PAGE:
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I Hear Voices in Everything

Title: I Hear Voices in Everything

Author: Andreas Gedin

Publisher: ArtMonitor

The book is in english

ISBN: 978-91-978476-6-7

I Hear Voices in Everything – Step by Step, is a practise-based dissertation in fine arts. It includes three art exhibitions, several independent art works and an essay. It discusses the role of the artist and the making of art mainly through the ideas of the Russian philosopher Mikhail Bakhtin (1875- 1975) but also by reflecting on similarities between the artist and the curator. Being a dissertation in fine arts, the aim is not primarily to develop any certain philosophy but to use theory to discuss art, and vice versa.

In the first section, the methodological presuppositions are articulated and contextualised. The relevance of artistic research as a means to develop artistic practice and as a means to increase the understanding of artistic practice is also addressed, as is the reasonability of using the philosophy of Bakhtin in this specific context. Bakhtin is usually referred to as a literary theorist; however, his dialogical philosophy concerns man’s being as a whole, that is, it is through dialogical relations man is constituted. Here, man, and also art in general, is understood by Bakhtin as being temporary meeting places for art works, readers, artists, protagonists, history etc. The reflective text in itself also endeavours to be dialogical and polyphonic by including different voices such as fictional characters, real comments, emails, letters and quotes.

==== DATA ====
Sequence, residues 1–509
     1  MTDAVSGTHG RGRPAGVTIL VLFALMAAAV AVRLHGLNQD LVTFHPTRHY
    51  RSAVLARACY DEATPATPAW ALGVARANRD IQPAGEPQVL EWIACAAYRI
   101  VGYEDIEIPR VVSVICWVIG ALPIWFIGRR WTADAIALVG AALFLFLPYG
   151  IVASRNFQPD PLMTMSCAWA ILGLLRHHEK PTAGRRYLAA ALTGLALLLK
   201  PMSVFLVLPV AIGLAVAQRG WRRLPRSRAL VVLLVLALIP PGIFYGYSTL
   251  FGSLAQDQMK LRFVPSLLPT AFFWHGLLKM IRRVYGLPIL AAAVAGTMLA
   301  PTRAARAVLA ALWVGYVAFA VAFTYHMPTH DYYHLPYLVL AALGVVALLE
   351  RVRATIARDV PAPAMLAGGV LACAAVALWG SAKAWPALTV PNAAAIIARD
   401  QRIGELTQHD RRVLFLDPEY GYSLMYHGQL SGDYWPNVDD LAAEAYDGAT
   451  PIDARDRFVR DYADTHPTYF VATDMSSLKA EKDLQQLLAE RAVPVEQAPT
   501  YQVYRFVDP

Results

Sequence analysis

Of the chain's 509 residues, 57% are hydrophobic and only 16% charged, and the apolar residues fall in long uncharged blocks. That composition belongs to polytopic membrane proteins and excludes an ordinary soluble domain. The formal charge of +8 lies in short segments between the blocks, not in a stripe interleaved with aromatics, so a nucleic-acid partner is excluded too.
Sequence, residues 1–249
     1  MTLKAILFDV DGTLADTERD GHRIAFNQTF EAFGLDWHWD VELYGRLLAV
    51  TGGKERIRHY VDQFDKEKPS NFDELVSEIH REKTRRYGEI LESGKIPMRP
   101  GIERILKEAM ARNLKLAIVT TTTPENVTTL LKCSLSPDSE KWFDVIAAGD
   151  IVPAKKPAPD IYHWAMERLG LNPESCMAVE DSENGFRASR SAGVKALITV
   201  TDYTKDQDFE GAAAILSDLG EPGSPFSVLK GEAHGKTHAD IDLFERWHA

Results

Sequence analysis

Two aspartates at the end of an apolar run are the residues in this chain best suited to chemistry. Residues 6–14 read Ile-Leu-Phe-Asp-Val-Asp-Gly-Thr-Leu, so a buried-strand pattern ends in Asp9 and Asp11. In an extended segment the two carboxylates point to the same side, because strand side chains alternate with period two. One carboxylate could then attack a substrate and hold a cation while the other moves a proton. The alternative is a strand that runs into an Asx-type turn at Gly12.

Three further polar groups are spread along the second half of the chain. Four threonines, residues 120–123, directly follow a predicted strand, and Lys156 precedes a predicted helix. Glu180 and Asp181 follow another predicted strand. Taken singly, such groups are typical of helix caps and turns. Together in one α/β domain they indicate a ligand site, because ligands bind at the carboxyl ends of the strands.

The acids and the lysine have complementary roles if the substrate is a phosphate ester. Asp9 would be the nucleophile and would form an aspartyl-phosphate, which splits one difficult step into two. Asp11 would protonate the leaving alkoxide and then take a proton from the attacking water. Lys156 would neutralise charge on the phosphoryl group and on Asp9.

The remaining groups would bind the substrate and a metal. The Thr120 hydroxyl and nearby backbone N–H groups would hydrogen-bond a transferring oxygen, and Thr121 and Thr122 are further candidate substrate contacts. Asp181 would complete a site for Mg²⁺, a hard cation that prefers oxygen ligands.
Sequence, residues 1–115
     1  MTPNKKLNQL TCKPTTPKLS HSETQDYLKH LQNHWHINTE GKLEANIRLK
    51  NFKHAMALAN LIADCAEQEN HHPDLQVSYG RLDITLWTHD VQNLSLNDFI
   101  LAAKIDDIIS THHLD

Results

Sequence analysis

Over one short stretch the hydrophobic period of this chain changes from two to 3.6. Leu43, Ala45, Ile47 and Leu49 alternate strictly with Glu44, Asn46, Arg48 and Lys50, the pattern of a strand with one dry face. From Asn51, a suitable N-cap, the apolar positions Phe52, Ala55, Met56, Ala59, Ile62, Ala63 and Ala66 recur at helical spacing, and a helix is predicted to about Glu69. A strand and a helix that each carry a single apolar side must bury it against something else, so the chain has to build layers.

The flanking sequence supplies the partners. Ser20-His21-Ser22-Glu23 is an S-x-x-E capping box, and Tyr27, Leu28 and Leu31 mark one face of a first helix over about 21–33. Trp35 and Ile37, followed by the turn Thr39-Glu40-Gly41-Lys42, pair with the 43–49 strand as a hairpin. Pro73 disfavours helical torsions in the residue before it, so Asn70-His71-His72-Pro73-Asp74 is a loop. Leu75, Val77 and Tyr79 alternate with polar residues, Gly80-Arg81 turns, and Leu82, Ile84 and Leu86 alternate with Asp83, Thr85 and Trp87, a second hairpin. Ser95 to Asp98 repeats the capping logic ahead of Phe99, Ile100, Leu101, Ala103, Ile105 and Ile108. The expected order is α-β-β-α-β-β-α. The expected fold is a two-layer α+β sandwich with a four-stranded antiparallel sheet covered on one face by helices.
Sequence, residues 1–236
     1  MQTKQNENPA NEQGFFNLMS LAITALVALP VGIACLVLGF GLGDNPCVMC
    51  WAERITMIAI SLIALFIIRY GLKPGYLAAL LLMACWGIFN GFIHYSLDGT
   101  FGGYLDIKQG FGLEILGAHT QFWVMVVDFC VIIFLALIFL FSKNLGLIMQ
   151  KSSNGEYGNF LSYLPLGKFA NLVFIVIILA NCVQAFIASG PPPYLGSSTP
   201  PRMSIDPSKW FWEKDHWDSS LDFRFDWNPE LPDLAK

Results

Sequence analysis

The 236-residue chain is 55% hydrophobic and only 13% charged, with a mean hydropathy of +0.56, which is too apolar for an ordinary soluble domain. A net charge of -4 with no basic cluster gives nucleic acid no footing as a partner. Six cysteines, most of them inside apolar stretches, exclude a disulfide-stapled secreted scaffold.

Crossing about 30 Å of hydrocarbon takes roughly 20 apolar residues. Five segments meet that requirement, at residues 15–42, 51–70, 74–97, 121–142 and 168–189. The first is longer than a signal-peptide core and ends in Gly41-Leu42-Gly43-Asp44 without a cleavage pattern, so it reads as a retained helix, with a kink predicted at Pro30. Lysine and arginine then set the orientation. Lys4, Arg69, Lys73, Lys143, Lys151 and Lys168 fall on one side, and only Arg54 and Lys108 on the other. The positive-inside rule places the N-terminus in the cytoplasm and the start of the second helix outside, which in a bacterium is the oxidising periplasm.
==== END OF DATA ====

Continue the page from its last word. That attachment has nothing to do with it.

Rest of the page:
In the second section the practice of making art is discussed in relation to Bakhtin and other writers. One main topic is if one, by using Bakhtin, can also regard an art work as a meeting place for language (in its broad sense) so as to include physical material, skill, and experience; and hence, if one could, or should, regard the artist as a kind of curator, and vice versa. Bearing this in mind, is there then any relevant difference between organising language into an artwork or into an exhibition?

The third section focuses on the artworks that are a part of the PhD project; these include an exhibition and two planned exhibitions. The central theme of, or the catalyst for, the works of art is repetition. Published as one exclusive copy, and also smuggled into the Lenin library, Sleeper is a collection of essays on the ingredients of a tuna fish casserole. Thessaloniki revisited is a video of a reading of a short story.

Spin-Off is a video where a curse is read by an actor. Sharing a Square is a documentary-based video of a ritual drumming session in Calanda, Spain, and Erich P. is an artwork based on an embassy to Russia in 1673 and on contra-factual archaeology. As a final part of the dissertation proj- ect these artworks will be shown in a solo exhibition, and there will also be a curated exhibition, which will include only other artists.

The last part of the dissertation’s title “Step by Step” refers to a larger art project called Taking Over, which this dissertation is a part of. Taking Over deals with different aspects of power relations in five separate projects. Being an integral part of this larger and thematic art project, the dis- sertation also refers to different aspects of power, and even to the lack of power in relation to the artist’s position in research contexts, both inside and outside academia. It also underlines that artistic research is part of a wider artistic practice.

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Page Manager: Pia Ahnlund|Last update: 6/11/2014

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